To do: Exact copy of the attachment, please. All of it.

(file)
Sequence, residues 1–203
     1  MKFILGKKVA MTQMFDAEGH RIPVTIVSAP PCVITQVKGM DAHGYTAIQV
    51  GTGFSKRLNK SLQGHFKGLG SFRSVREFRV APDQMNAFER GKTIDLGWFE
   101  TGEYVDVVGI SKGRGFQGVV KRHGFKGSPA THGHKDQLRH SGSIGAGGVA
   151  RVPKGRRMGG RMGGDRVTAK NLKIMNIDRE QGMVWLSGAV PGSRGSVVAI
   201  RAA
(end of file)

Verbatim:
Sequence, residues 1–203
     1  MKFILGKKVA MTQMFDAEGH RIPVTIVSAP PCVITQVKGM DAHGYTAIQV
    51  GTGFSKRLNK SLQGHFKGLG SFRSVREFRV APDQMNAFER GKTIDLGWFE
   101  TGEYVDVVGI SKGRGFQGVV KRHGFKGSPA THGHKDQLRH SGSIGAGGVA
   151  RVPKGRRMGG RMGGDRVTAK NLKIMNIDRE QGMVWLSGAV PGSRGSVVAI
   201  RAA